Analog tape alignment. Is it too hot?
From: Dana White
+9 on GP 9, 499…BASF 911 Can you comment on why there are multiple reference levels. As I understand it, there is a European standard, consumer standard, etc. When you all talk about levels why is there the intermingling of reference level? Seems to me you pick a reference and stick with it. Perhaps it’s time for a historical primer… Best, Dana
Well, starting with this “+9 thing” I have to assume the Nashville engineers you’re describing know what they’re doing and if only using VUs watch their levels carefully when tracking percussion instruments. To my experience, the GP9 at +9/200 with VUs is less forgiving than the earlier tapes were at lower levels *when using VUs.* I would only recommend +9 to someone who really knows the meaning of headroom and, as you say, use PPMs when tracking and mixing. I wouldn’t recommend +9/200 wholesale to just anyone…only an experienced engineer who knows his meters.
And now for the history!
Historically, the different reference levels on analog tape came from the very phenomenon we are talking about, the increase in MOL (maximum output level) of tapes as the years went on.
First of all, we should all be aware of the formula to convert nanowebers per meter (fluxivity) to decibels. It’s the same as the formula for volts.
20 * log (fluxivity 1/fluxivity 2) = decibel difference.
For example, 6 dB over 200 nw/Meter = 400 nw/Meter
The grandfather of all reference levels is 185 nw/M, going back to about 1950 or earlier. Due to a historical measurement error and possibly a reference frequency discrepancy (some used 500 Hz, some 700 Hz, some 1000 Hz), this has been redefined as 200 nW/M if you follow the logic of Magnetic Reference labs, now the dominant reference standard in the U.S. The difference (if there is a difference) is no more than 0.68 dB between 200 and 185.
By the mid 60’s, tapes capable of handlng 3 dB more level (MOL) were developed. If you round the 0.68 dB error to 1 dB, then we’re talking about either 2 dB hotter or 3 dB hotter than the reference you chose to use. There are no longer any 185 nw/M test tapes being made in the U.S., so we’re de facto at a 200 nW/M reference, and the tapes we call “+3 tapes”, which are at 250 nW/M, are about 2 dB over a 200 nw/M reference. But everyone from the old days of 185 still likes to call 250 “plus 3”. C’est la vie.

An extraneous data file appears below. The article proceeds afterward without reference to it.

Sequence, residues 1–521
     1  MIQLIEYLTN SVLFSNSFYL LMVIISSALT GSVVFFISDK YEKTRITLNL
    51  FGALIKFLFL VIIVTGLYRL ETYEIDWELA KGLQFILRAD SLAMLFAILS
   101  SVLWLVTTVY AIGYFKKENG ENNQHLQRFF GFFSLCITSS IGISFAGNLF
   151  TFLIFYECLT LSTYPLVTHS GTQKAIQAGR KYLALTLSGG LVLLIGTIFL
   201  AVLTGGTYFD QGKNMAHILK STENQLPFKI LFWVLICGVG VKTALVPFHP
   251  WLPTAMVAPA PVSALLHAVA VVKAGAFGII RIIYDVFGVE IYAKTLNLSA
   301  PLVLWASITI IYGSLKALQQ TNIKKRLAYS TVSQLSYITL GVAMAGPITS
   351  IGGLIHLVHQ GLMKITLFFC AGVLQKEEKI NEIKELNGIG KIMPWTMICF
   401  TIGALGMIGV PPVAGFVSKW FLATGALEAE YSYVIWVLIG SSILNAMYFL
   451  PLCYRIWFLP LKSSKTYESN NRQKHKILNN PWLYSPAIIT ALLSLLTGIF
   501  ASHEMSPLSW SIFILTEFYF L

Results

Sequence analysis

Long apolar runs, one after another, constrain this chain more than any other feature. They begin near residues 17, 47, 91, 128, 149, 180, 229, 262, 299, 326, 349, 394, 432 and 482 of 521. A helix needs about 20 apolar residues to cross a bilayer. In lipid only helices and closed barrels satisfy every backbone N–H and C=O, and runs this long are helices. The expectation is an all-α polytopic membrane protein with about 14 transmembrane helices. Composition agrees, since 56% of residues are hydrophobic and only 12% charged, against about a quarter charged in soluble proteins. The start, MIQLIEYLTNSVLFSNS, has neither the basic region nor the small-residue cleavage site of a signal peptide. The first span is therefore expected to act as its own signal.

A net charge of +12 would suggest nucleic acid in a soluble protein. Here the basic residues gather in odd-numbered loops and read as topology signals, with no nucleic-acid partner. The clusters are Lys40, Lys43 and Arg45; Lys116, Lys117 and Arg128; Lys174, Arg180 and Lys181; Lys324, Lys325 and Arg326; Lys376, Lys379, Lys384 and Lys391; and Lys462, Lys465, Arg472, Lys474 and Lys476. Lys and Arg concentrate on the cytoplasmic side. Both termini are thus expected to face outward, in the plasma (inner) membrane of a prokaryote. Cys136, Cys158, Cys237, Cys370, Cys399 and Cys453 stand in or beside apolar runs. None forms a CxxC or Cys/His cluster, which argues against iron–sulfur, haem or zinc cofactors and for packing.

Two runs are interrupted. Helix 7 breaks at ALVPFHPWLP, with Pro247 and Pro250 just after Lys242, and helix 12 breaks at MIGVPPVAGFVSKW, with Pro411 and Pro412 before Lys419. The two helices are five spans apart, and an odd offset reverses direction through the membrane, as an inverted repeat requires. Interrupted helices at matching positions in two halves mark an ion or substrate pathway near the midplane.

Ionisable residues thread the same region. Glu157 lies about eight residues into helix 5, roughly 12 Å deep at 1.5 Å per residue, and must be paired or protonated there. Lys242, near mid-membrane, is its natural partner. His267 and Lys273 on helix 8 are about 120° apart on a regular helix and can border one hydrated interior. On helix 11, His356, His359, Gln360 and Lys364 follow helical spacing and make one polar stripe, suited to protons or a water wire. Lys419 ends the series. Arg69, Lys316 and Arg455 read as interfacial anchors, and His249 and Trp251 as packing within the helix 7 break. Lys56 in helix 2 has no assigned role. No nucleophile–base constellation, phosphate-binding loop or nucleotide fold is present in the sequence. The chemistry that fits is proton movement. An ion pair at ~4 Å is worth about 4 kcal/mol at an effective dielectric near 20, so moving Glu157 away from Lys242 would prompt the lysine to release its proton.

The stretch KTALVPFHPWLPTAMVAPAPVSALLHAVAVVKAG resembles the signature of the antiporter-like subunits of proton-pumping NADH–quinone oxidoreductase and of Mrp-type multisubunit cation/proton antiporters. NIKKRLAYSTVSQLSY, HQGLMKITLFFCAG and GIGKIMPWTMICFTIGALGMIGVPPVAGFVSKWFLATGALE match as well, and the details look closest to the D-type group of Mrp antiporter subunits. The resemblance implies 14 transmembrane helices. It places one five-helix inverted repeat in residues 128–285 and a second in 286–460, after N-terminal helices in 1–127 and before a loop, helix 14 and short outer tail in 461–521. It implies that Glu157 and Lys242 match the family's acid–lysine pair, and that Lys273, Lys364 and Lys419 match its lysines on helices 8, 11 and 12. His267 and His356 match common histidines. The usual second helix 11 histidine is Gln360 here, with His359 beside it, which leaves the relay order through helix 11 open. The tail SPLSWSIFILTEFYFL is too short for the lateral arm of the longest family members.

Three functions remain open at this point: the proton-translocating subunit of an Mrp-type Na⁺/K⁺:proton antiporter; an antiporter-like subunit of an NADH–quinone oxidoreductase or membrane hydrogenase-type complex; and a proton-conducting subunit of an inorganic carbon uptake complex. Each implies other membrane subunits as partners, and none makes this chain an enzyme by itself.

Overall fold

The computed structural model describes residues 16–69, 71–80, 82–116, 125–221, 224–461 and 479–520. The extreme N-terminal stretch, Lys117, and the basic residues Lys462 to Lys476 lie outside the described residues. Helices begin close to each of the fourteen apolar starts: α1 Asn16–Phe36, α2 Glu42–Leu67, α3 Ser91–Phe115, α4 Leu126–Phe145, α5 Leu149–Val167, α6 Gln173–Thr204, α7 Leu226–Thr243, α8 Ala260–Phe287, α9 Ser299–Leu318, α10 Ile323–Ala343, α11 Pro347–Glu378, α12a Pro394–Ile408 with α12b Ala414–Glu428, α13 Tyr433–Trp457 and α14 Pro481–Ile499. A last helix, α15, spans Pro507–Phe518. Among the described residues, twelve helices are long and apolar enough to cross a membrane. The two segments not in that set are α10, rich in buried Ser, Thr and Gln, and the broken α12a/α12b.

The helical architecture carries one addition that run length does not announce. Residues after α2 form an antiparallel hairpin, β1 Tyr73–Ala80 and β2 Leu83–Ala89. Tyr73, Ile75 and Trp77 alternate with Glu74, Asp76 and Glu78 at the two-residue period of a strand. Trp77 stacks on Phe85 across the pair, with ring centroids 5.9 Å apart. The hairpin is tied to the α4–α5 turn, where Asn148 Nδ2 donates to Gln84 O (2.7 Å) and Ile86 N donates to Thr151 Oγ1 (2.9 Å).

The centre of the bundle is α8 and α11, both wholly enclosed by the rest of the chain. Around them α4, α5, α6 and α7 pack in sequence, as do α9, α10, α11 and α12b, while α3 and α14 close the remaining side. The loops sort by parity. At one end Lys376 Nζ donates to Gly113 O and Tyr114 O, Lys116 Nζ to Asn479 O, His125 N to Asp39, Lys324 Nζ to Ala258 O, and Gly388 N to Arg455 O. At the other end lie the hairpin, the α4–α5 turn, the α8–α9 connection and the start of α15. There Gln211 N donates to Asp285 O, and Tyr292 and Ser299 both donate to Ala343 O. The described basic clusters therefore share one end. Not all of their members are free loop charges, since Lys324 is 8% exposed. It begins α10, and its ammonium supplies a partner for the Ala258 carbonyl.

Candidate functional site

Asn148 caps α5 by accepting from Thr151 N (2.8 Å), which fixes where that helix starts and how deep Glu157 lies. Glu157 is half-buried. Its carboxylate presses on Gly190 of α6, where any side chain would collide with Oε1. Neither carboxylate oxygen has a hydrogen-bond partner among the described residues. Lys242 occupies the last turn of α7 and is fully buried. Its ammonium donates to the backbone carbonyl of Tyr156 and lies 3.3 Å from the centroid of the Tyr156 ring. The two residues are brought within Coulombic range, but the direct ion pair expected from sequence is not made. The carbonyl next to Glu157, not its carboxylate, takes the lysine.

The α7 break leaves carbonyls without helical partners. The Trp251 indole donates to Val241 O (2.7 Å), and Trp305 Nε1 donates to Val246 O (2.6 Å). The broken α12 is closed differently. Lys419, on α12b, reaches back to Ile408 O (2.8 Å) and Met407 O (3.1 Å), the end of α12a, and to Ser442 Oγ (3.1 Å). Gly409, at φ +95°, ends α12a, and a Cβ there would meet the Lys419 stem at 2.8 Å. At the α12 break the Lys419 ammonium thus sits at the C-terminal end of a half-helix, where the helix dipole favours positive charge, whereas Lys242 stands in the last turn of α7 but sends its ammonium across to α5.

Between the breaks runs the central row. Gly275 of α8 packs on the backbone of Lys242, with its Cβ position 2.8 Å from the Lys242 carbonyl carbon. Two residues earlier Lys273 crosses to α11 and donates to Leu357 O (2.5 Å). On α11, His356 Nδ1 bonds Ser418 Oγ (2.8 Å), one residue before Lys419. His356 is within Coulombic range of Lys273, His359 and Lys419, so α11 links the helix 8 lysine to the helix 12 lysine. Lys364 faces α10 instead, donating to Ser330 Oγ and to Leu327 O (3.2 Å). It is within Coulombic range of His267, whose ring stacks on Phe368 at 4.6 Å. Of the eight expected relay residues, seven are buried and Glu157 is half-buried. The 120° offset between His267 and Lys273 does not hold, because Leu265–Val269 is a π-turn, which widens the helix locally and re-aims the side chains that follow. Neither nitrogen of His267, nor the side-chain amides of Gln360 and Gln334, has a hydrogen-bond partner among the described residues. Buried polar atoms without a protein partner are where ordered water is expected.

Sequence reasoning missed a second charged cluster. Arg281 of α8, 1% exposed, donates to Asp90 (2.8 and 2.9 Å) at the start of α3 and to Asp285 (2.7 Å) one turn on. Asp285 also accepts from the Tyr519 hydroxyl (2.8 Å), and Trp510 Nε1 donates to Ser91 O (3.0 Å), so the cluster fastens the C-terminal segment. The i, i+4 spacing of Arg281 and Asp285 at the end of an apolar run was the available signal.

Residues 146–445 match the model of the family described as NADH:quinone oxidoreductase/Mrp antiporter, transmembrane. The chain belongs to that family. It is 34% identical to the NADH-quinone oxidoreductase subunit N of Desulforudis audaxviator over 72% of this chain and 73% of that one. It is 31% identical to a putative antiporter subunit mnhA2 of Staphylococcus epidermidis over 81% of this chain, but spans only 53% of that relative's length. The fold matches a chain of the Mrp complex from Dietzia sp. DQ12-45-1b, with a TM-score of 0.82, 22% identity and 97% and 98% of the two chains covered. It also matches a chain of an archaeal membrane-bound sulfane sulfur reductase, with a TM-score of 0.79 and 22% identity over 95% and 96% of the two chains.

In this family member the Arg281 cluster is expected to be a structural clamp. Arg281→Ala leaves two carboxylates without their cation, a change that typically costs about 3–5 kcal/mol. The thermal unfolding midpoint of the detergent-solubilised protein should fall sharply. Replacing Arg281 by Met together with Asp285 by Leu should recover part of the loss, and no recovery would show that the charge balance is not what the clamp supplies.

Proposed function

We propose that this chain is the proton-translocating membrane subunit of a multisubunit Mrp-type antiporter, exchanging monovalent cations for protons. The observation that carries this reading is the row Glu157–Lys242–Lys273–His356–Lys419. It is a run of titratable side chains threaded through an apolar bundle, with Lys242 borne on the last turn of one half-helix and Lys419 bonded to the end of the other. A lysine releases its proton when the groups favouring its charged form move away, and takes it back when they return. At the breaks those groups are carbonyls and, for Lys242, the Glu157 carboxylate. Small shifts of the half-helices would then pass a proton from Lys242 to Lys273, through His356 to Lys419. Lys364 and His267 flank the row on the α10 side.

In truth, the so-called “+3 tapes”, which are 250 nW/M, are 2 dB up from 200 if you stick to the 200 reference, and 3 dB up from 185 if you stick to the 185 reference. Most people are now used to the 200 nW/M reference, as that is the standard that MRL (in the U.S.) established.
To avoid ambiguity we should always speak nanowebers/meter instead of decibels and specify our measurement tape (MRL)…
But people will use decibels on the tape box because they may be afraid no one will understand what “0 VU= 400 nw/M” means. If marking a tape box, people should include how much hotter they have aligned their tape, and what reference tape they used for alignment. For example, if they used a 200 nW/M test tape and raised it 2 dB, they can write “200/+2” on the box, which unambiguously defines what tape they used, and how far they pushed it. By marking the box with the reference tape they used (200 or 250) and the number of dB they pushed it (+2, +3, +6, etc.), they are unambiguously defining the level of the tape, the standard they originally used, for future generations of users.
“200/+2” is the same as 250, by the way. Thus they might label it “250 nW/M” instead, and leave it at that. Without the reference, a decibel number on the tape box is ambiguous and ultimately means nothing. If I see a box marked “+3”, it means almost nothing to me… Depending on the age of the tape, he might have elevated it 3 dB over 185, maybe 200, maybe 250.
250 nW/M test tapes didn’t come into use until the late 70’s. They have become the standard… I haven’t ordered a 200 nW/M test tape in ages.
As for the “European” standards, 320 nW/M test tapes are fairly common in Europe. Originally these may have been set up for peak meters instead of VU meters, because 320 is 5 dB over 185. This results in a very conservative peak standard for the oldest type of tapes, before the “headroom race” began. You could “pin” the peak meter with a 320 peak reference level and not result in bad sound on the oldest tape types. But nowadays, 320 is a good “average” level for use with a VU, and peaks will be 6 to 12 or 14 dB above that. To be sure you’re not saturating, use a peak-reading meter.
320 nw/M produces a conservative, safe reference level for mixdowns, etc. with modern-day tapes. I use 320 nW/M a lot with BASF 911, when I have to go to 1/2″ and all I have is a VU meter. You could push it more with GP9, but I don’t think that is necessary with 1/2″ 30 IPS, the noise is quite low even a 320. And there is less saturation, the tape sounds cleaner at 320. Push it more, and you are using the tape’s saturation as a processor, which is perfectly legitimate. Just be sure to listen to the repro head while recording to make sure you like the sound of this processor.
I hope this helps,